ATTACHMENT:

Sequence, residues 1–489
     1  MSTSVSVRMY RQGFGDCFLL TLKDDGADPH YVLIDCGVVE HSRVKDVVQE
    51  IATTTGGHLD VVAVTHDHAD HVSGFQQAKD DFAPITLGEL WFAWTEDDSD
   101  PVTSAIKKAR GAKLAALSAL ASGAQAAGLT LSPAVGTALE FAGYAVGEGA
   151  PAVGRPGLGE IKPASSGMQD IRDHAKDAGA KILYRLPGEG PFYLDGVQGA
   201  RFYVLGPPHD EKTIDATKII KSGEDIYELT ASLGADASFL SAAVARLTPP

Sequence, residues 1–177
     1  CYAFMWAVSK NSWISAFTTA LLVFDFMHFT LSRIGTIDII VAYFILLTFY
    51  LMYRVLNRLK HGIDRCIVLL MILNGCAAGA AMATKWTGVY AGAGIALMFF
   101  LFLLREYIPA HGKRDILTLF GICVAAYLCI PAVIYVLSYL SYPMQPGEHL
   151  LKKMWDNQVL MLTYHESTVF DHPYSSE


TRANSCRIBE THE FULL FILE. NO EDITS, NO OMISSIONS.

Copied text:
Sequence, residues 1–489
     1  MSTSVSVRMY RQGFGDCFLL TLKDDGADPH YVLIDCGVVE HSRVKDVVQE
    51  IATTTGGHLD VVAVTHDHAD HVSGFQQAKD DFAPITLGEL WFAWTEDDSD
   101  PVTSAIKKAR GAKLAALSAL ASGAQAAGLT LSPAVGTALE FAGYAVGEGA
   151  PAVGRPGLGE IKPASSGMQD IRDHAKDAGA KILYRLPGEG PFYLDGVQGA
   201  RFYVLGPPHD EKTIDATKII KSGEDIYELT ASLGADASFL SAAVARLTPP

Sequence, residues 1–177
     1  CYAFMWAVSK NSWISAFTTA LLVFDFMHFT LSRIGTIDII VAYFILLTFY
    51  LMYRVLNRLK HGIDRCIVLL MILNGCAAGA AMATKWTGVY AGAGIALMFF
   101  LFLLREYIPA HGKRDILTLF GICVAAYLCI PAVIYVLSYL SYPMQPGEHL
   151  LKKMWDNQVL MLTYHESTVF DHPYSSE